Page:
Current Balance revised October 2009

Current Balance revised October 2009 - HB 11-26-07 Current...

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Current Balance Lab 7 1 i Current Balance Lab 7 Equipment Current balance apparatus, laser on tripod, paper and tape, Fluke multimeter, leads, 9 V DC from wall strip, 5 Ω 9.2 A rheostat, two 6 inch flat 1 mm thick rulers, weights (50 mg, 100 mg, 200 mg) Comment: Disconnect the circuit by removing the red banana plug from the red receptacle on the wall strip. Reading Your textbook. Review the vector product (also known as the cross product). Reread Electrical Safety at the beginning of this manual. Important Information 1. This experiment uses a laser beam as an optical lever arm. DO NOT LET THE LASER BEAM OR ITS REFLECTION ENTER YOUR EYE. SERIOUS DAMAGE TO YOUR EYE MAY RESULT. 2. A wire pivots on two knife edges. The knife edges rest on flat surfaces. Both the knife edges and flat surfaces are easily damaged. Please handle them with care, using the centering rod, described below, to center the knife edges and to gently lower the knife edges onto the flat surfaces. 3. A current passes through a rheostat (variable resistor). At the higher currents one end of the rheostat gets quite hot. DO NOT TOUCH THIS END OF THE RHEOSTAT. 1 Introduction The French Physicist Andre Marie Ampere noticed that when one wire carrying an electrical current is brought near a second wire also carrying a current the two wires experience forces. The force is proportional to the product of the two currents and depends on the relative orientations of the wires. A moving charge in one wire must exert a force on a moving charge in the other wire. The force between the two wires is the sum of the individual forces between the moving charges. This force has distinctly different characteristics from the well- known Coulomb force between charged particles. The force between charged particles due to their motion is called the “magnetic” force. In this experiment you will verify that the force between two wires is proportional to the product of the currents, and estimate the proportionality constant involved. 2 Description of the Experiment The experiment is similar in principle to the Coulomb balance and indeed uses the same platform. See Fig. 1. A single horizontal rod or wire is pivoted so that it can move freely up and down. Below this wire is a long 10 turn rectangular coil whose long sides are horizontal and parallel to the single wire. One long side of the coil is substantially closer to the single wire than the other long side of the coil. The single wire and coil are connected in series and a current passed through them so that this current is in opposite directions for the single wire and nearby long side of the coil, and in the same direction for the single wire and faraway long side of the coil. The net force between wire and coil is a repulsion. With zero current, the vertical position of the single wire is adjusted to a convenient value. A weight is then added to a pan on the single wire and a DC (constant) current established so that the position of the single wire returns to its initial value. This procedure is repeated for a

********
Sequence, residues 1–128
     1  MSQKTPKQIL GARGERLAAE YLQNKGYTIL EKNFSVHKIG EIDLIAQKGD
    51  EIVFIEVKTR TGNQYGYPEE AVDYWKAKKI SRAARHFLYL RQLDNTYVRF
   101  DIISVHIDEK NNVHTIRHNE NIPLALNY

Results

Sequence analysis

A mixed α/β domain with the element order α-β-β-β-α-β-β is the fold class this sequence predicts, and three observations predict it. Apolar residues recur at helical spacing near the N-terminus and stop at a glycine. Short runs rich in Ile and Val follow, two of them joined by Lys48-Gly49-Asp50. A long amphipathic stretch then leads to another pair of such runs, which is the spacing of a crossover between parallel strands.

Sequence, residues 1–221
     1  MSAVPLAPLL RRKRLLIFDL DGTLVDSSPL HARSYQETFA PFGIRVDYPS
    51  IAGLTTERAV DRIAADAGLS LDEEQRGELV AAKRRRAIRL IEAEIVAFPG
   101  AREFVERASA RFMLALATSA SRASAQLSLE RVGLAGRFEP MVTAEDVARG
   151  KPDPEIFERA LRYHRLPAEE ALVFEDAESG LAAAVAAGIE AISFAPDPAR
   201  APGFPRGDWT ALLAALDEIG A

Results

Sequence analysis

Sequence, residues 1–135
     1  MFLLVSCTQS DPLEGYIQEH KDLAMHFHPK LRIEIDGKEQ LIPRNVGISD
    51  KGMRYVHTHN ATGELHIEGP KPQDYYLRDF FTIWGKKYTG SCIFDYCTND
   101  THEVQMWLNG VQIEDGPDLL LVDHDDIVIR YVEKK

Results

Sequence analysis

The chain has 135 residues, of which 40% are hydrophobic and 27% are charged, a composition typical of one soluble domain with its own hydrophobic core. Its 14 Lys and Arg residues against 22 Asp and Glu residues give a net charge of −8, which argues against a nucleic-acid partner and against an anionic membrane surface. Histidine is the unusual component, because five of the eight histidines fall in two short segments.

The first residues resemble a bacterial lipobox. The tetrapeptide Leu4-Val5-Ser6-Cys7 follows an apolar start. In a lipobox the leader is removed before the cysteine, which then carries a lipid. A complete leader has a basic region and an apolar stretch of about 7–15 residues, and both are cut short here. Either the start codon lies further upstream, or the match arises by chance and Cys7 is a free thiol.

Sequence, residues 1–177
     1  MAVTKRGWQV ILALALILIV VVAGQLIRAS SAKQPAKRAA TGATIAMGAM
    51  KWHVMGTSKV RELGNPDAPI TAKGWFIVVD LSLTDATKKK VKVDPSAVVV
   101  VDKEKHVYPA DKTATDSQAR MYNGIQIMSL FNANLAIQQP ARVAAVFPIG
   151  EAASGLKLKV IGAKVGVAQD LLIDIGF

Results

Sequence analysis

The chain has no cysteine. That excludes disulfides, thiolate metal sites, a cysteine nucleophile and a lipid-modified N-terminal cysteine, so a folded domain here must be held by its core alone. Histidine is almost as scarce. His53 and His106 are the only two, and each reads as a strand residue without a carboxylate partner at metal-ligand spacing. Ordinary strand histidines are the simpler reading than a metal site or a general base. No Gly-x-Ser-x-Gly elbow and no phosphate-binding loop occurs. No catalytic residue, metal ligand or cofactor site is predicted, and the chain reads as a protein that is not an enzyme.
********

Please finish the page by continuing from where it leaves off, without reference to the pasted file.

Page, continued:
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This note was uploaded on 03/25/2011 for the course PHY 102 taught by Professor Khurana during the Spring '11 term at NYU.

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Current Balance revised October 2009 - HB 11-26-07 Current...

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